(3) What is important to note here is that Murphy attacks New Keynesianism, and has a poor understanding of Post Keynesianism.
(4) By 18.00 onwards Murphy starts to sound like a New Classical and requires Ricardian equivalence and rational expectations for his idea that people cut their spending as the stimulus was implemented in anticipation of future tax increases. But Ricardian equivalence and rational expectations are not even supported by Austrian economics, and one can only marvel at the breath-taking hypocrisy here.
(5) Regarding predictions and the real world: the trouble with libertarians is that they are so focussed on the US, and rarely look at the rest of the world. In numerous other countries, governments used countercyclical fiscal policy and ended their recessions and kept unemployment low: e.g., Australia, Norway, South Korea, and Germany. Of course we hear not a word about any of this from Austrians like Murphy.
(6) Regarding the success of Keynesianism in the 1930s, Murphy is ignorant. There were nations in the 1930s that successfully used fiscal stimulus:“Keynesian Stimulus in New Zealand: 1936–1938,” September 23, 2011.(7) Murphy’s analysis of the Eurozone is flawed.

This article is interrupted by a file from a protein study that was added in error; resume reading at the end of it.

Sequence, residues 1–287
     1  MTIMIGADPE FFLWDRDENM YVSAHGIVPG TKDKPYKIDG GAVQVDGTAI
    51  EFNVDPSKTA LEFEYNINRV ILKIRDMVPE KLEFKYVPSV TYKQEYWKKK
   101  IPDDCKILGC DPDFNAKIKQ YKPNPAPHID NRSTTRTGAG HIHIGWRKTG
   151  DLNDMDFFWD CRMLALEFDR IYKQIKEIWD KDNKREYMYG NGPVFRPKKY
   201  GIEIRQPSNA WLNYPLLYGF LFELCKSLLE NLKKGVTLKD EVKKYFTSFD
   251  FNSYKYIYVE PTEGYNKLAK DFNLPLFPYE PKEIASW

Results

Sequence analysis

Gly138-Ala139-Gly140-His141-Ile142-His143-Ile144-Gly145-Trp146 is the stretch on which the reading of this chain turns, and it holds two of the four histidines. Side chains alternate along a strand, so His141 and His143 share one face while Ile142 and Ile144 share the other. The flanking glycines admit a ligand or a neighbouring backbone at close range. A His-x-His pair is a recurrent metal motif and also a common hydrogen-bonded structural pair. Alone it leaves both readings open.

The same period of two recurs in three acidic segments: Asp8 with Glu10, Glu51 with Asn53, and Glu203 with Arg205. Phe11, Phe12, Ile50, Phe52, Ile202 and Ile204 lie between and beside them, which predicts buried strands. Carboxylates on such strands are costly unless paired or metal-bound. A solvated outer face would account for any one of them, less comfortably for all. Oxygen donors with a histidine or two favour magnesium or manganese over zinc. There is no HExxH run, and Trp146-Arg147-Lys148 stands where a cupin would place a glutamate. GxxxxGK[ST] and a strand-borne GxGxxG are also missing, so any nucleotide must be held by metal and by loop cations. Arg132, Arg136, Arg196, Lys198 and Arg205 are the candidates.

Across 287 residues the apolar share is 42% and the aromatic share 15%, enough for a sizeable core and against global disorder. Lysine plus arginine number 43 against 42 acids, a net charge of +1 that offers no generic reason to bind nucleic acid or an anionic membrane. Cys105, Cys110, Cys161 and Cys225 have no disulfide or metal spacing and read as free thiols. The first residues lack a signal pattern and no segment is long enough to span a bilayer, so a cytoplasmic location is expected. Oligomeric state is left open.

“Takahashi Korekiyo and Fiscal Stimulus in Japan in the 1930s,” August 27, 2011.
“Fiscal Stimulus in Germany 1933–1936,” September 3, 2011.
Murphy’s main point appears to be that Europe has not cut enough from government spending. He grudgingly admits that in Greece, Spain and Ireland total spending has been cut, and economic problems have persisted. Strangely, he ignores the countries that pursued much more extreme austerity: Latvia, Estonia and Lithuania. What happened there is confirmation of the disastrous consequences of fiscal contraction.
Murphy attacks bank bailouts in Europe. At this point, the bizarre nature of Murphy’s Austrian analysis reveals itself. Throughout his talk, Murphy is trying to suggest that austerity and liquidationism will cause recovery better than recoveries caused by fiscal expansion: yet allowing the financial sector to collapse is precisely a measure that would induce the worst depression imaginable.
Liquidationism by definition means the worst types of recessions/depressions possible.